(This is part of my monthly series of colour and texture studies based on the village of Fournes, an orange and olive producing area in Hania. The idea is based on an inspiration from the work by Calliope in her Spectral Studies series.)
Winter is a strange time in the village. The trees and plant life all look lush and green, full of life; Fournes is an olive and orange producing area, hence the abundance of evergreens. The weather has considerably cooled down since the summer. When there is rain, it gives the place a washed out look, much more pleasant than its dry dusty appearance in the summer months.
The day after Christmas - a bright sunny morning, a day of rest, led us out for a stroll in the village.
To see any signs of bright colour beyond the green sea, you have to look hard. Apart from the obvious colours of the fruits in question - green and black olives and bright orange citrus - it was a bit of a trial finding much else. Specks of yellow can be found on closer inspection - but it may be a case of abstract art...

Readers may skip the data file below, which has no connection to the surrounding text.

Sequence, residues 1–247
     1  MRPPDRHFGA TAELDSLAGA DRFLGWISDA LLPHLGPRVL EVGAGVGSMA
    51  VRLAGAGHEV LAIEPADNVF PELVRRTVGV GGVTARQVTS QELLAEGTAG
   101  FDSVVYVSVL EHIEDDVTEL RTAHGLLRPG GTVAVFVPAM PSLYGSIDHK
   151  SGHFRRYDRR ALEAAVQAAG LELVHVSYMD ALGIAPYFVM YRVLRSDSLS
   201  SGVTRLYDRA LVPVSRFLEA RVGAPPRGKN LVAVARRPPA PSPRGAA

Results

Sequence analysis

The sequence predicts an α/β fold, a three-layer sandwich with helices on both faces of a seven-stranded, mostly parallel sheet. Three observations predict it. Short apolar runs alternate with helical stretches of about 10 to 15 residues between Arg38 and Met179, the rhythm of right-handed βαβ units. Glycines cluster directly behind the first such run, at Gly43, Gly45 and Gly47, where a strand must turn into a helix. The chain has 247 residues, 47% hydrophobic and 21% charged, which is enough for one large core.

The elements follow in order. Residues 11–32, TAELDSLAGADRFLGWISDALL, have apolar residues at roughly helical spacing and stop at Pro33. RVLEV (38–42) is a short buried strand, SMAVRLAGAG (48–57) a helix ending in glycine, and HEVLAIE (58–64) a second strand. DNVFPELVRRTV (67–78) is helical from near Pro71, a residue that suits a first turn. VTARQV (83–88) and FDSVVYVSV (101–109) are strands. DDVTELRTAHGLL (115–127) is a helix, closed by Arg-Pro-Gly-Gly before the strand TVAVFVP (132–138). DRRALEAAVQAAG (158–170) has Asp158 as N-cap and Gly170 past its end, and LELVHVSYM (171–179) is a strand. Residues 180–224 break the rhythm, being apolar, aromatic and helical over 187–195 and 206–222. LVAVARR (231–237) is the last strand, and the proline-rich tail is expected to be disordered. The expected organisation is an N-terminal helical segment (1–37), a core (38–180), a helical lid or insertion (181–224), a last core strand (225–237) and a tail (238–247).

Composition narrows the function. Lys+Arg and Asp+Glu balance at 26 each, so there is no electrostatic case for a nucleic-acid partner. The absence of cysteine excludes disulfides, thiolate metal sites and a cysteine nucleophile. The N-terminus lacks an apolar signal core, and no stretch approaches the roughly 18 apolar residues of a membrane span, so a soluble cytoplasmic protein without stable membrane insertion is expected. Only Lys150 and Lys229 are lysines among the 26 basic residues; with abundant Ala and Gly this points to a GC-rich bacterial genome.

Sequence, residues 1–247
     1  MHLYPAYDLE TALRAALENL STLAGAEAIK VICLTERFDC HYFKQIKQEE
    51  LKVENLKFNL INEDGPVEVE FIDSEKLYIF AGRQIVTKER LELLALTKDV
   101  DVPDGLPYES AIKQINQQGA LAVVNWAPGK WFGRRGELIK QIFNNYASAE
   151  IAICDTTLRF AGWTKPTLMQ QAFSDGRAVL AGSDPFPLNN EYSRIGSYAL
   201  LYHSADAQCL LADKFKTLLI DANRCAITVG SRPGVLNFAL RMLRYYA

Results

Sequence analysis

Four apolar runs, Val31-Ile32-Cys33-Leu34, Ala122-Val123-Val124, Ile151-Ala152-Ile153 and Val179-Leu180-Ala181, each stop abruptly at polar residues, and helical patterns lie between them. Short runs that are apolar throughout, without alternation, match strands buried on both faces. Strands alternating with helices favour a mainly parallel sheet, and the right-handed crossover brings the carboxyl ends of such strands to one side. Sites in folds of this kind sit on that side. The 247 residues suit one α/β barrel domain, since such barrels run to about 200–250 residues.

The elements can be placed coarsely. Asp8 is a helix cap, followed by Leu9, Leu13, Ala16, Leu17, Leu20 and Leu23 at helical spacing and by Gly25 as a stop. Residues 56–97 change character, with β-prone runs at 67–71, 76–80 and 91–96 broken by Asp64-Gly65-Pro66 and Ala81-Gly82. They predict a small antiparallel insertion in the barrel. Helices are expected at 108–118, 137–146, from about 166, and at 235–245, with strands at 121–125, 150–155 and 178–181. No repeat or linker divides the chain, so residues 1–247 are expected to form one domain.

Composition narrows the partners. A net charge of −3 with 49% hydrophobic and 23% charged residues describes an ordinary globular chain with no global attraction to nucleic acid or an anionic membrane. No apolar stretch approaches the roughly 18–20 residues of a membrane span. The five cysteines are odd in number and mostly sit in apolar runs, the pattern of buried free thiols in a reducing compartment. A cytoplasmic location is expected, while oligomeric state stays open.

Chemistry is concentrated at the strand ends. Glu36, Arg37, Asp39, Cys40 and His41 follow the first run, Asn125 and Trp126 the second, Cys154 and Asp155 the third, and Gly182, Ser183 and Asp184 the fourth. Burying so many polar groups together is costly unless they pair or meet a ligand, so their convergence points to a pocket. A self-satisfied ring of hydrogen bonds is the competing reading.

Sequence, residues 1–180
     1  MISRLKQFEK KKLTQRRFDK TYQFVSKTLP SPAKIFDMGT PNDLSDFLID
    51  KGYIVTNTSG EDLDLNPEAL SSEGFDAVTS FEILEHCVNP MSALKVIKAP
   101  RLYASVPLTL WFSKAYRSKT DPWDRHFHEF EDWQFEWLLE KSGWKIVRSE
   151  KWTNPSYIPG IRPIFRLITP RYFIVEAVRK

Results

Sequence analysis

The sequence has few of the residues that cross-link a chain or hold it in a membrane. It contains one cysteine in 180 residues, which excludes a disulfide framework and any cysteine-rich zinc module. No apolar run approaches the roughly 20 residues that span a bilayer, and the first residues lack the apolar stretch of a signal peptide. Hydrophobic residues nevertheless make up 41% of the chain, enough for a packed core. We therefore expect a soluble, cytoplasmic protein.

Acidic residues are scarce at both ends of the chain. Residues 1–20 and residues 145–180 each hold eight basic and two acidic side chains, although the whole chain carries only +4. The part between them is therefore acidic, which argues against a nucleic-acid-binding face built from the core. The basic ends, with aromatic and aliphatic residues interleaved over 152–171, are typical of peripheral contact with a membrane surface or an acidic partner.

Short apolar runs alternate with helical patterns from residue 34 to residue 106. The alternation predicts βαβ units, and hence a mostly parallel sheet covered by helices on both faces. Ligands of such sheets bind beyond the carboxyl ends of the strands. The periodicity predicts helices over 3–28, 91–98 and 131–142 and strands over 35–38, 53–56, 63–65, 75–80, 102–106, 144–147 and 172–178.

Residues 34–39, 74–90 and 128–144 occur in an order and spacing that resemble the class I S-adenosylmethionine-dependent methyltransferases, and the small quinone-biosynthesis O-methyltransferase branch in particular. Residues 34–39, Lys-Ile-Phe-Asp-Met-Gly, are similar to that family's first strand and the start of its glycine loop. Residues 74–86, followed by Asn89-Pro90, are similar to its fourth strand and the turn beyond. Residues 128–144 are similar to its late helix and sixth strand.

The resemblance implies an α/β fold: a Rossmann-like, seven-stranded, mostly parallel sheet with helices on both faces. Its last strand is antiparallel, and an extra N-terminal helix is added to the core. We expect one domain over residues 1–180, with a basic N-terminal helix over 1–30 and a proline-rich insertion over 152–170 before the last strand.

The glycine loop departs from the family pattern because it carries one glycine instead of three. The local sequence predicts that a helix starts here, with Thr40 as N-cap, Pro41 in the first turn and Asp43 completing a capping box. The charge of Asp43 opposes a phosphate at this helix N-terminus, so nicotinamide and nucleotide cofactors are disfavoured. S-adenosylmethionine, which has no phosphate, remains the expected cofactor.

The clover flower creates a bed of yellow in the fields at this time of year. Burning the trimmed branches created a golden fire.
The Valencia oranges are now taking on their colour, turning from dark green to light yellow, to orange.
The grapefruit tree is a welcome alternative to orange, but this citrus fruit never really caught on in Crete. It's often grown for export.
A yellow hose sits under a mandarin tree in a private garden.
The leaves of summertime flowers and trees are yellowing, falling off the fig tree.
The koumara fruit (arbute tree) is very unusual: it tastes like woody strawberry (it's also known as the strawberry tree) and its fruit is turned into wine and liquer; yellow fruits are not yet ready for eating. Sprigs of this tree are often used as Christmas decorations.
Amongst the dandelions and yellow-green sun-kissed fruit of the olive trees stands a lone yellow house.
Grapefruit and koumara berries...
...mandarins and navel oranges (Valencia oranges ripen late spring).
Did I forget the lemons? We're still buying them (or picking my uncles') until ours are yellow enough to pick.
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